Genetic traits Covids are at higher risk of death in South Asians


A ‘gene’ plays a role in doubling the risk of death, including lung failure, in coronavirus infection. A team of scientists from Oxford University has found such a gene. Their study found that 80 percent of people of South Asian descent had such high-risk genes in their bodies. However, the corona vaccine significantly reduces the risk.

According to the BBC, scientists at Oxford University have found in their study The Nature Genetics that 70 per cent of people of South Asian descent and 15 per cent of people of European descent have a high-risk gene called LZTFL1 in their bodies. The study highlights why people in some communities in the UK and South Asia are at higher risk for corona. However, no details were given in this regard.

Based on some previous work on the gene, researchers have used artificial intelligence and new biotechnology to identify the gene.

James Davis, head professor of the research team, said that this type of risky gene does not work equally well in all human bodies, which is very important. The level of risk is more or less due to various reasons including age. It is important to analyze the socio-economic aspect in order to explain why people of certain ethnic groups are more affected.

“Although we cannot change our genes, our research has shown that people who carry such genes have benefited greatly from the vaccine,” said James Davis.

The researchers believe that this type of gene facilitates lung infection with coronavirus. They say that it does not allow the immune system of the lung cells to remain active.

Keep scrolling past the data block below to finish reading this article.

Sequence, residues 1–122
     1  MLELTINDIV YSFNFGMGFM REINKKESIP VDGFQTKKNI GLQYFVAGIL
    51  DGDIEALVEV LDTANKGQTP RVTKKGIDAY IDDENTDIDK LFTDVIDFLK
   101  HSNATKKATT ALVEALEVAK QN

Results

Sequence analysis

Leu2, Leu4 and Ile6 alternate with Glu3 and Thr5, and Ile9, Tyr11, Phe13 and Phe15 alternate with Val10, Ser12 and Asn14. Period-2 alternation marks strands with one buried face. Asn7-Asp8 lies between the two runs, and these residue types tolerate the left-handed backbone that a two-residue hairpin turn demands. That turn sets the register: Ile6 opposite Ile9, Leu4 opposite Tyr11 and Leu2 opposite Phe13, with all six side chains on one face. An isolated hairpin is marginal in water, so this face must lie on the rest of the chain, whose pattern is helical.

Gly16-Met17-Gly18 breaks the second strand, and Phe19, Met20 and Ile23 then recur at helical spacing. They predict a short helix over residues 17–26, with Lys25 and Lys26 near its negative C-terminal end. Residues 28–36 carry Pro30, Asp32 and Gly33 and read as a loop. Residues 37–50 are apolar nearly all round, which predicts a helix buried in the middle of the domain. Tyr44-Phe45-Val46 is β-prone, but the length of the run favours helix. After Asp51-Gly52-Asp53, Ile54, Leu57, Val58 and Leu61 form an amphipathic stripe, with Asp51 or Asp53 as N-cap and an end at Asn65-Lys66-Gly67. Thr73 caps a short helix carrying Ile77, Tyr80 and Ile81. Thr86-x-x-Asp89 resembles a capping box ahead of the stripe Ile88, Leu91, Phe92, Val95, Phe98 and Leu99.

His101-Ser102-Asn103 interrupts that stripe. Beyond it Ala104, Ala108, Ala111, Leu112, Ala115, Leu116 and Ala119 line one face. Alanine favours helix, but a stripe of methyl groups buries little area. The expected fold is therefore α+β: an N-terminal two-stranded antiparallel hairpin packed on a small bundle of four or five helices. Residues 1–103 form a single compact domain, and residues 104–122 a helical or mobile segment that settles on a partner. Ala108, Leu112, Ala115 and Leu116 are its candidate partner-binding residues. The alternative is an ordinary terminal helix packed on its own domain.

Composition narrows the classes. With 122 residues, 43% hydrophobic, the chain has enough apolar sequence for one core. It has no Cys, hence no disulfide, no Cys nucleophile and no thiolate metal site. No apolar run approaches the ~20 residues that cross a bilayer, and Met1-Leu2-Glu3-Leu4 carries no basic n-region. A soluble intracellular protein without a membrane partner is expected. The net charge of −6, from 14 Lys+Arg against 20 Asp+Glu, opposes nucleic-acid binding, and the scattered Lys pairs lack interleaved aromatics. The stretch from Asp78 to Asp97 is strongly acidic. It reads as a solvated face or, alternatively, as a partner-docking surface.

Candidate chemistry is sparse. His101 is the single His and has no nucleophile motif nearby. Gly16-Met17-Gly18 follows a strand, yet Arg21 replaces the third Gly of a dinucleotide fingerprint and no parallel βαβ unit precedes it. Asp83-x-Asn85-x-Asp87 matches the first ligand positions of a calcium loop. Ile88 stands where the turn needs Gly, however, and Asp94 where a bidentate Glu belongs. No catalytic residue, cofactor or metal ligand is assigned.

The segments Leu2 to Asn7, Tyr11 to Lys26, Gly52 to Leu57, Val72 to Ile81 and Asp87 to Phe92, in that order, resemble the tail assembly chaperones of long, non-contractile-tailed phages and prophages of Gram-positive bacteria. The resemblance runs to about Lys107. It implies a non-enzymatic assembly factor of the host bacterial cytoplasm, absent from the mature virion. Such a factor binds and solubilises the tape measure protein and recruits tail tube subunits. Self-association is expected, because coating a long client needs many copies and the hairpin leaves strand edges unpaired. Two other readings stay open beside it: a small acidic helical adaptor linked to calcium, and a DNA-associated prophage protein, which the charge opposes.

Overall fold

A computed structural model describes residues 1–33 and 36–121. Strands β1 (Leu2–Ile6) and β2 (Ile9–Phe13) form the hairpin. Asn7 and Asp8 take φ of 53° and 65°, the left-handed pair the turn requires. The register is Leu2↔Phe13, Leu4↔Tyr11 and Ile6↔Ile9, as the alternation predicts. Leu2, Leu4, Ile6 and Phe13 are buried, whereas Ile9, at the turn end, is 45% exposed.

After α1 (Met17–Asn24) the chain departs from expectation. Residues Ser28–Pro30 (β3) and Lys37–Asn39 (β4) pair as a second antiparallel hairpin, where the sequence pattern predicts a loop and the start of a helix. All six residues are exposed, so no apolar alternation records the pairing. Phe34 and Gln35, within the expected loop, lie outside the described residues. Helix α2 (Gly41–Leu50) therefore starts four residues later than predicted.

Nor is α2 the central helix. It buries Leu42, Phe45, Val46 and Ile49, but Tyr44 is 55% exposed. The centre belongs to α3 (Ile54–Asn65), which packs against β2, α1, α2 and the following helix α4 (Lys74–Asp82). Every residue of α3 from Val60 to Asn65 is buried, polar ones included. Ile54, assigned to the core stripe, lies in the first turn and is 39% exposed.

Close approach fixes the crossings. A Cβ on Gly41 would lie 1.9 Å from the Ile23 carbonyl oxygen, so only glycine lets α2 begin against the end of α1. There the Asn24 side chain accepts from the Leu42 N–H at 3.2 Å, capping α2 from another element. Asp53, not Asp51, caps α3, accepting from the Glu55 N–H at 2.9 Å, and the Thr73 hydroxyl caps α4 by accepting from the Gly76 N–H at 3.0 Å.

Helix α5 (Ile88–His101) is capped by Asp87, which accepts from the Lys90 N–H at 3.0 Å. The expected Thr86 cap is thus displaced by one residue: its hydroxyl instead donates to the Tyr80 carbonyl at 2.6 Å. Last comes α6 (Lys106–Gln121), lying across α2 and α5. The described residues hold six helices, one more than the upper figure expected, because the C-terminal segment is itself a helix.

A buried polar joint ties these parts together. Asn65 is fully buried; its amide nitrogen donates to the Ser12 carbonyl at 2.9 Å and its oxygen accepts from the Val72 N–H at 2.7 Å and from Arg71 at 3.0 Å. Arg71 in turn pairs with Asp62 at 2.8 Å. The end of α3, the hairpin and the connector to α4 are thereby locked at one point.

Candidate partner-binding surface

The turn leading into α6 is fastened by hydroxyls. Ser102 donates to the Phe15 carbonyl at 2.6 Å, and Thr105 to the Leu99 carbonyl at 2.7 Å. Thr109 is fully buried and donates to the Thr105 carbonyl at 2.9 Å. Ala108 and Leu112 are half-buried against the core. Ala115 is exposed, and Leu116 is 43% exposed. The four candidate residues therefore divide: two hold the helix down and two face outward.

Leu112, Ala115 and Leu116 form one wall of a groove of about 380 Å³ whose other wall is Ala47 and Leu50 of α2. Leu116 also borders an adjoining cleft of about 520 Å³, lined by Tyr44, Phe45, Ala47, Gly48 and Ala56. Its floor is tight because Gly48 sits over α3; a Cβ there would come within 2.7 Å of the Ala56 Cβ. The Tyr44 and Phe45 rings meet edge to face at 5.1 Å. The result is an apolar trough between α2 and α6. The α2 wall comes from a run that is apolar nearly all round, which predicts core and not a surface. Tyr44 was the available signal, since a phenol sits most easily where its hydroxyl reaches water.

Lung cells usually become obstructed when they come in contact with the coronavirus. But those who have a gene called LZTFL1 do not have a normal immune system.

Researchers say it is important that the gene does not affect the body’s immune system, even if it allows the lungs to be infected. This means that people with these high-risk genes can also get protection from the vaccine.

The researchers hope that this discovery will help them to develop new drugs, focusing on the lungs. Most of the medicines currently on the market are made with the predominance of the immune system.

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About the Author: James Lewter

James Lewter is a senior reporter at Zobuz, covering state and national politics, and he is a grantee with the Pulitzer Center on Crisis Reporting. Before joining Zobuz, he worked as a freelance journalist in Kentucky, having been published by dozens of outlets including NPR, the Center for Media.